The evidence at trial showed that Rasheen Everett arrived at Amanda Gonzalez-Andujar ‘s Queens ( New York) apartment on March 27, 2010, and almost 24 hours  later, left carrying two bags filled with the prostitute’s belongings including her camera, laptop and cell phone.. Her lifeless body was later discovered, covered in bleach. The judge pronounced the defendant, who showed no remorse during the proceedings, “a coldhearted and violent menace to society.”  Everett apparently killed Amanda after discovering that she was transgendered. She had solicited him over tbe internet.

Desperately arguing to keep Everett’s post-conviction sentence as light as possible (it turned out to be 29 years in prison), Queens defense attorney John Scarpa made about as repugnant an agrument to Queens Supreme Court Justice Richard Buchter as the imagination could devise. “A sentence of 25 years to life is an incredibly long period of time, judge,” Scarpa protested. “Shouldn’t that be reserved for people who are guilty of killing certain classes of individuals? Who is the victim in this case?” he asked. “Amanda was engaged in a life of prostitution, life of drug use, HIV exposure. She was having sex with other individuals knowing she had the chance of spreading diseases….Is the victim a person in the higher end of the community?” he asked.

This theory would have ensured Jack the Ripper, had he ever been caught, a work release program, perhaps in a butcher shop. Continue reading

Yes, The Best Criminal Defense Lawyers Represent The Worst People. Or You.

When your life is at stake and you need help, don't screw around.

When your life is at stake and you need help, don’t screw around.

The degree to which the average American, even the average educated American, even the average educated and rational American, is ignorant about the ethical mandates and structure of the legal profession and the justice system is by turns shocking, depressing, and frightening. The consequences of this ignorance, for which the legal profession itself is largely to blame, bursts forth in all their ugly splendor after the acquittal of a Casey Anthony or, even more disturbingly, a George Zimmerman. Well meaning members of the public, who are nicely represented in this Ethics Alarms thread, think they are declaring their support for justice when they advocate cutting through all the troublesome bureaucracy and making sure what “everyone knows” is the correct result happens, and process be damned. Just do the right thing! How hard can that be?  This blogger, for example, has it all figured out. Leave it to him and people of a like mind, and we’ll have a police state in no time. Continue reading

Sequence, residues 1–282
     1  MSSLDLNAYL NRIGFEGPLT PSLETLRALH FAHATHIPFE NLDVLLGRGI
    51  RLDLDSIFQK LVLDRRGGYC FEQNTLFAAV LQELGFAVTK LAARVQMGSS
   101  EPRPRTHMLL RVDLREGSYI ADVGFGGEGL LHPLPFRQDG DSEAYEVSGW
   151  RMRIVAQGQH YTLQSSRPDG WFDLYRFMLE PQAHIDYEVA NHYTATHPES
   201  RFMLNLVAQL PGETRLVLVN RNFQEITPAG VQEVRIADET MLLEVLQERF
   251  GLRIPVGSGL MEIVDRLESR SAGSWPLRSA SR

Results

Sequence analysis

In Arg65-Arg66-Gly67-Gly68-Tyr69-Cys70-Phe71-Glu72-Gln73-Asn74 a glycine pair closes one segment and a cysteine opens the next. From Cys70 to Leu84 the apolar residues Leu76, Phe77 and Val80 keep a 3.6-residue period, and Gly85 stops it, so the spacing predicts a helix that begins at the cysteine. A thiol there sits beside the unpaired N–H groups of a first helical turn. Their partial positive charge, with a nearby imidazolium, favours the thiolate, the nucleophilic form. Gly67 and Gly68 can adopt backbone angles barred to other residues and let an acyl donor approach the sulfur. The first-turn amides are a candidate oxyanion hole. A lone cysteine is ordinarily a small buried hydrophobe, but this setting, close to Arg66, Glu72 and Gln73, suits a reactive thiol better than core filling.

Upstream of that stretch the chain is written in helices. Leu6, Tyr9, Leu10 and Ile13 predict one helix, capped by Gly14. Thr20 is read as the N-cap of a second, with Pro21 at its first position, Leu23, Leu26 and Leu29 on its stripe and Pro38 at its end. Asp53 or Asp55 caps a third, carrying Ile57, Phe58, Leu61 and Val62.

Van Der Sloot’s Defense: Worst Rationalization Ever?

Yup: It's Natalee's fault.

Joran van der Sloot finally pleaded guilty yesterday to the murder of a Peruvian woman, Stefany Flores, whom he had met in a bar. His lawyer, Jose Luis Jimenez, blamed the crime on van der Sloot’s earlier arrest for the disappearance of Natalee Holloway in Aruba and the widespread suspicion that he was the missing teenager’s killer.

Defense lawyers, in the zealous representation of their clients, must often come up with creative theories bordering on the risable to try to wring every last drop of helpful spin out of a hopeless case. It bothers non-lawyers and legal ethicists alike when attorneys assert things about a case or their client that they couldn’t possibly believe is true, though it is enough to meet the low bar of the Rules of Professional Conduct for the lawyer to believe that such statements might be true, perhaps in a parallel universe. They are in the “well, how about this?” category. A defense lawyer with a despicable client like van der Sloot, who appears to be a stone cold sociopath, doesn’t have much to work with. Continue reading